Reiner Wassmann

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The above- and below-ground parts of rice plants create specific habitats for various microorganisms. In this study, we characterized the phyllosphere and rhizosphere microbiota of rice cultivars using a metaproteogenomic approach to get insight into the physiology of the bacteria and archaea that live in association with rice. The metaproteomic datasets(More)
[1] Validations of the DeNitrification-DeComposition (DNDC) model against field data sets of trace gases (CH4, N2O, and NO) emitted from cropping systems in Japan, China, and Thailand were conducted. The model-simulated results were in agreement with seasonal N2O emissions from a lowland soil in Japan from 1995 to 2000 and seasonal CH4 emissions from rice(More)
Methane (CH4) emissions from rice fields were determined using automated measurement systems in China, India, Indonesia, Thailand, and the Philippines. Mitigation options were assessed separately for different baseline practices of irrigated rice, rainfed, and deepwater rice. Irrigated rice is the largest source of CH4 and also offers the most options to(More)
Measurements of methane emission rates and concentrations in the soil were made during four growing seasons at the International Rice Research Institute in the Philippines, on plots receiving different levels of organic input. Fluxes were measured using the automated closed chambers system (total emission) and small chambers installed between plants (water(More)
Methane (CH4) emission rates were recorded automatically using the closed chamber technique in major rice-growing areas of Southeast Asia. The three experimental sites covered different ecosystems of wetland rice--irrigated, rainfed, and deepwater rice--using only mineral fertilizers (for this comparison). In Jakenan (Indonesia), the local water regime in(More)
The impact of root exudates, collected from five rice cultivars, on methane (CH4) production was studied in a paddy soil under anaerobic conditions. Root exudates of the cultivars Dular, IR72 and IR65598 collected at four growth stages and of B40 and IR65600 collected at two growth stages showed that (a) CH4 production was commenced rapidly within 2 h upon(More)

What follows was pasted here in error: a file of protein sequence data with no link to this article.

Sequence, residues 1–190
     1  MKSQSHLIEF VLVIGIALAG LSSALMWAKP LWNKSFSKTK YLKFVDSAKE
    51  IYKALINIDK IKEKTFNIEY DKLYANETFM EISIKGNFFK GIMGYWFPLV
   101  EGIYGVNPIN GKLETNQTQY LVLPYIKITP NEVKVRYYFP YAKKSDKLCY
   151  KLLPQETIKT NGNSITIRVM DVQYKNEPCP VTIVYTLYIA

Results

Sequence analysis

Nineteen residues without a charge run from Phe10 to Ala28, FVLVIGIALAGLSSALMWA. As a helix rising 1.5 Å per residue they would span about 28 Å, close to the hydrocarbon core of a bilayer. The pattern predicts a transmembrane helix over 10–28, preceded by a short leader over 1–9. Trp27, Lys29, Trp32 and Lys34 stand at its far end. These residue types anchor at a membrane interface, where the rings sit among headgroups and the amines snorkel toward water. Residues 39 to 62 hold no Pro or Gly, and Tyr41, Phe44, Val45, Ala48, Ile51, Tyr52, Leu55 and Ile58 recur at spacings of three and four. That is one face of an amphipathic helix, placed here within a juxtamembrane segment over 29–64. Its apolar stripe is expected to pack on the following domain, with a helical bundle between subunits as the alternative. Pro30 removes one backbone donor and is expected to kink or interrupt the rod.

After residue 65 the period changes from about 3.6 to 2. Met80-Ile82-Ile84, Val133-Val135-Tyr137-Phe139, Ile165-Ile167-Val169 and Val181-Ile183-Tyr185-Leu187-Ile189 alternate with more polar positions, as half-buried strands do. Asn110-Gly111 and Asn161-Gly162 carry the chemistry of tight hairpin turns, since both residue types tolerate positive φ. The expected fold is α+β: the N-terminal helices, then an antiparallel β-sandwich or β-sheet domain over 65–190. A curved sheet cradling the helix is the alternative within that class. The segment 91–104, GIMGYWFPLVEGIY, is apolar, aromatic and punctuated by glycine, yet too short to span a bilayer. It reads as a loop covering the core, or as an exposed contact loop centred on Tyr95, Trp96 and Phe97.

The Denitrification and Decomposition (DNDC) model was evaluated for its ability to simulate methane (CH4), nitrous oxide (N2O) and carbon dioxide (CO2) emissions from Indian rice fields with various management practices. The model was calibrated and validated for field experiments in New Delhi, India. The observed yield, N uptake and greenhouse gas (GHG)(More)
 Rice plants play a pivotal role in different levels of the methane (CH4) budget of rice fields. CH4 production in rice fields largely depends on plant-borne material that can be either decaying tissue or root exudates. The quantity and quality of root exudates is affected by mechanical impedance, presence of toxic elements, nutrient deficiencies, water(More)
Methane production rates were determined at weekly intervals during anaerobic incubation of eleven Philippine rice soils. The average production rates at 25 °C varied in a large range from 0.03 to 13.6 μg CH4 g(d.w. soil) -1d-1. The development of methane production rates derived from inherent substrate allowed a grouping of soils in three classes: those(More)
Methane (CH4) emissions from rice fields were monitored in Hangzhou, China, from 1995 to 1998 by an automatic measurement system based on the "closed chamber technique." The impacts of water management, organic inputs, and cultivars on CH4 emission were evaluated. Under the local crop management system, seasonal emissions ranging from 53 to 557 kg CH4 ha−1(More)